Some Do’s and Don’ts when interacting with people with disabilities


  • Use a normal tone of voice when speaking to people with disabilities.
  • Do not raise your voice towards a person with disabilities, unless requested.
  • It is appropriate to offer to shake hands. People with limited hand use or who wear artificial limbs can usually shake hands. Shaking hands with the left hand is also acceptable. If the person cannot shake hands, touch his / her shoulder or arm to welcome and acknowledge their presence.
  • Treat adults as adults. Call the person by his / her name only when extending that familiarity to all others present.
  • Do not patronize people with disabilities by, for instance, patting them on the head or shoulder.
  • Do not lean on a person’s wheelchair; this is part of his / her personal space.
  • Look at and speak directly to the person with a disability, rather than through a companion who may be with them.
  • When offering assistance, do it in a dignified manner with sensitivity and respect. Be prepared to have the offer declined. If the offer is accepted, listen to and accept instructions.
  • Do not proceed to assist if your off to assist is declined.
  • Offer to hold or carry packages in a welcoming manner, do not be offended if the offer is declined.
  • Do not offer to hold or hand a cane or crutches to a person – wait for the request.
  • Set up a system of able-bodied staff assisting people with disabilities in the event of a building evacuation when an emergency occurs.
  • Be prepared for possible resentment from a small minority of people with disabilities when being approached, as they may not have come to terms with their disabilities yet.

HEARING IMPAIRED PEOPLE – General Communication Hints

  • Do not shout at a person with a hearing loss, it is humiliating and distorts the articulation (mouth).
  • Speak clearly and at a slightly slower pace.
  • Do not cover your mouth, chew food or smoke while talking.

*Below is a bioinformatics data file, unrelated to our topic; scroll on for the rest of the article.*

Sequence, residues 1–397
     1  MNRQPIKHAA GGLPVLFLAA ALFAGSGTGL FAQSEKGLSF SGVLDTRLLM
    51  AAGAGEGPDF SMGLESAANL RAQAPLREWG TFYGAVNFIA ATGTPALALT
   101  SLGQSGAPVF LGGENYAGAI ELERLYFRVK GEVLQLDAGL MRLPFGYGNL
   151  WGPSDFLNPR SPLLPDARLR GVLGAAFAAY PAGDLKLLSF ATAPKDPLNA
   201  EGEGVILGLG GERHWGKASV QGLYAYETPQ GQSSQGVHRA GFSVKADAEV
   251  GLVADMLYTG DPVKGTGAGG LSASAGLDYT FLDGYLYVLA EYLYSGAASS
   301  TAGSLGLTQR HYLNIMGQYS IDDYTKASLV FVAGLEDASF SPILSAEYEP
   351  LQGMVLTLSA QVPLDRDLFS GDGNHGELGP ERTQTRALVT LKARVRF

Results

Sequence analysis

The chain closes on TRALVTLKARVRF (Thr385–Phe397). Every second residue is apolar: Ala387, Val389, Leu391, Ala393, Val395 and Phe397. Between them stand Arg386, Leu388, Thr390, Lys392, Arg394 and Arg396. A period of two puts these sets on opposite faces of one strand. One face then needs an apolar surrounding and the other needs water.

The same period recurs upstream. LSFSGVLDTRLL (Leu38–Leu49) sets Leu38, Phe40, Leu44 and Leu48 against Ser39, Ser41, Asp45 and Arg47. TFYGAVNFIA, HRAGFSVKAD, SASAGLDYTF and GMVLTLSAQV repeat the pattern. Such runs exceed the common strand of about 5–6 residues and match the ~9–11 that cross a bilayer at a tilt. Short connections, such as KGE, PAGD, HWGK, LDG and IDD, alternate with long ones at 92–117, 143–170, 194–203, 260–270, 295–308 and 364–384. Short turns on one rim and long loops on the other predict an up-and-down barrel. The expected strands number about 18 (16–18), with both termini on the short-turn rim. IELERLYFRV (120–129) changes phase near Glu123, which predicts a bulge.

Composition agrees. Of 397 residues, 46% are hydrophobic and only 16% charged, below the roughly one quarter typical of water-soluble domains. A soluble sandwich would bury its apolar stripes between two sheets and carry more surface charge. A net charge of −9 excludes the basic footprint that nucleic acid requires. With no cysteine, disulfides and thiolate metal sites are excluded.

• Use short and simple sentences.
  • Rephrase if you are not understood.
  • Remember, only 6 of the 26 letters of the alphabet can been seen on the speaking lips.
  • Use facial expressions that correspond with what you are saying.
  • Write if necessary.
  • Be patient if the response is slow.
  • Remain positive and relaxed.
  • Talk to the person, not about him / her.
  • Do not be distracted by the person’s flat tone of voice.
  • Show that you care – your attitude can build confidence.
  • Do not change your language in mid-sentence.

Handy Hints

  • Tap gently on the shoulder to get his / her attention.
  • If he / she is beyond your reach, wave your hand in the air until eye contact is established.
  • Switch lights on and off to get attention.
  • Establish a comfortable distance between you and the person involved in the communication.
  • Establish eye contact before beginning to communicate.
  • Keep the face clear of any obstruction, e.g. hair, scarf, etc.
  • Ask a person how he would like to communicate.
  • Avoid background noise.
  • Show that you are attentive by nodding slightly. If you are expressionless it conveys inattentiveness.
  • Ensure that the available light shines on your face when communicating. Do not stand against the light or a window.
  • Do not pass between people who are communicating.